GLOBALIST | 11 JANUARY, 2018
Flavour of the Week - In Afghanistan
Regular column report recent developments from different capitals of the world.This time from Kabul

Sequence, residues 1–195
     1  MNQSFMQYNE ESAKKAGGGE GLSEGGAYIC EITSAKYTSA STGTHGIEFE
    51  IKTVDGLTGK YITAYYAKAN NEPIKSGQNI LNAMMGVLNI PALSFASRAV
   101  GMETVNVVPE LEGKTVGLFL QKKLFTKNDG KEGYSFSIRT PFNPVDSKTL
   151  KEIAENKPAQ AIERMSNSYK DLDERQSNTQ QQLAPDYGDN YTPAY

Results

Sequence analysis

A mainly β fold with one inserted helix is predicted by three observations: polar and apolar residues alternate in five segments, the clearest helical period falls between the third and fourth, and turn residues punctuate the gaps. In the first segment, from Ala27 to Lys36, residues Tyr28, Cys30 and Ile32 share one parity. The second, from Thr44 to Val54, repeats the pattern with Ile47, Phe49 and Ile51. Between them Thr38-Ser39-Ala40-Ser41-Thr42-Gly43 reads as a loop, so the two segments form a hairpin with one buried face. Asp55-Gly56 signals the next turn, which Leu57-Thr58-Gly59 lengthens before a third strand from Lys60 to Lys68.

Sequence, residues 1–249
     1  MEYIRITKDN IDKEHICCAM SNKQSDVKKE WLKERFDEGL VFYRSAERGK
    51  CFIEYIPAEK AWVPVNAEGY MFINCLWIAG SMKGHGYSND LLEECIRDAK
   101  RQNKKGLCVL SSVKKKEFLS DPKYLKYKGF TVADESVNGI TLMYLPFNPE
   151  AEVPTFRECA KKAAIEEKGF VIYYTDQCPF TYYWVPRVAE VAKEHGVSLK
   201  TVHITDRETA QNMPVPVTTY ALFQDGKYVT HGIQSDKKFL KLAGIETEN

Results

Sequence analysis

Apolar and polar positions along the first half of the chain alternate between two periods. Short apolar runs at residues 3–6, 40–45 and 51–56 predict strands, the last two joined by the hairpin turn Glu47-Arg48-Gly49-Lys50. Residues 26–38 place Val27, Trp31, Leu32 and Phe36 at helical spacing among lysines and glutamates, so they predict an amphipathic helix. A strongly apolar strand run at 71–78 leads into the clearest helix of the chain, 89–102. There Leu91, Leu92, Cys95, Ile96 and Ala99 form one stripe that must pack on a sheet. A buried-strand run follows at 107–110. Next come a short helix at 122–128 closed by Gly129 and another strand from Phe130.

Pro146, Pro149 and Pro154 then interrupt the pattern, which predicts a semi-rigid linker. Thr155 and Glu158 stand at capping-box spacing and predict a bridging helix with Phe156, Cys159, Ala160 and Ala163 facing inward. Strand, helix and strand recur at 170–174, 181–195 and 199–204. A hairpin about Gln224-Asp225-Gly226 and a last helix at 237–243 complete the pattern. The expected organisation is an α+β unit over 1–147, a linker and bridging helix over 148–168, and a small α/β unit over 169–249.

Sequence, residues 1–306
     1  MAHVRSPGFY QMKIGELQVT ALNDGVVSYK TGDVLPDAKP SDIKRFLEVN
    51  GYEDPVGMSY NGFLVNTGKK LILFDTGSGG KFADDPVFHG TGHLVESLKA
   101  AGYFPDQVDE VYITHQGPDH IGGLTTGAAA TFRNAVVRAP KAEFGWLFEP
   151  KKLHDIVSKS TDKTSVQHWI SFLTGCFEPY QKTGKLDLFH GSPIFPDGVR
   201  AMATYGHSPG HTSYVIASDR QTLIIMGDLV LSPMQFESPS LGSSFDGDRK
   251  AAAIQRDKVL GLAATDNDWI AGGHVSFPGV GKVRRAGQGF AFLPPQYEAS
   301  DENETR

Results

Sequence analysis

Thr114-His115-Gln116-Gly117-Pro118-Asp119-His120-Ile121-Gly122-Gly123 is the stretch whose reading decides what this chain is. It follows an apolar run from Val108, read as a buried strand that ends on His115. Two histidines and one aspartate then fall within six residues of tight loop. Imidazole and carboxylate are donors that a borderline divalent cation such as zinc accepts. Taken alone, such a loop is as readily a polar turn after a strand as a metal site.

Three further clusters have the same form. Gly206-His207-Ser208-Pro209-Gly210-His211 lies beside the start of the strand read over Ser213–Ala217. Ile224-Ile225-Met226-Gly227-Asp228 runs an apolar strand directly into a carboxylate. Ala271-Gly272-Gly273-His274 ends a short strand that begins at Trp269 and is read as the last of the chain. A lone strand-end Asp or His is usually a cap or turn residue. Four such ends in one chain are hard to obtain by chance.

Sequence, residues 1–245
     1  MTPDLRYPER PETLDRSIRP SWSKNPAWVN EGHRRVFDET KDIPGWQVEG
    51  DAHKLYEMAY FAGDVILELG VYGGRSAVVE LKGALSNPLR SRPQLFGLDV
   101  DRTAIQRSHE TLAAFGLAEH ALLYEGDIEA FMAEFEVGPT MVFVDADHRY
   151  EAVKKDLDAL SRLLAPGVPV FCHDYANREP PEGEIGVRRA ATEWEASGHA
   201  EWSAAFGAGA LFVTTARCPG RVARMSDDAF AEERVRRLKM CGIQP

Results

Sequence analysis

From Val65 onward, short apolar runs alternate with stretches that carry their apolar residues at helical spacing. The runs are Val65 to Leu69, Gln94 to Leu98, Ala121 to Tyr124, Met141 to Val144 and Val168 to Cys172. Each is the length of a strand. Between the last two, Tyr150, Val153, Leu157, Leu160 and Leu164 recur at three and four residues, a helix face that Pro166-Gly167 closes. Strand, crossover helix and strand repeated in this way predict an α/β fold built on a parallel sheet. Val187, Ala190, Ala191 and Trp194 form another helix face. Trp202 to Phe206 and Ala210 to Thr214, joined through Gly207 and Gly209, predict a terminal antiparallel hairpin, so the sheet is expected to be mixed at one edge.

Afghan President Ashraf Ghani had stirred a hornet’s nest by his peremptory dismissal of Atta Mohammed Noor the powerful Governor of the relatively stable and prosperous Balkh province. The only reason he gave, while accusing Noor of corruption, was that he had accepted a letter of resignation from Noor, signed earlier last year during negotiations over a possible national role for the Governor who had ruled Balkh for more than a decade. Noor denied the corruption allegations and said that the letter which had not been made public was conditional on certain actions that the President had failed to take.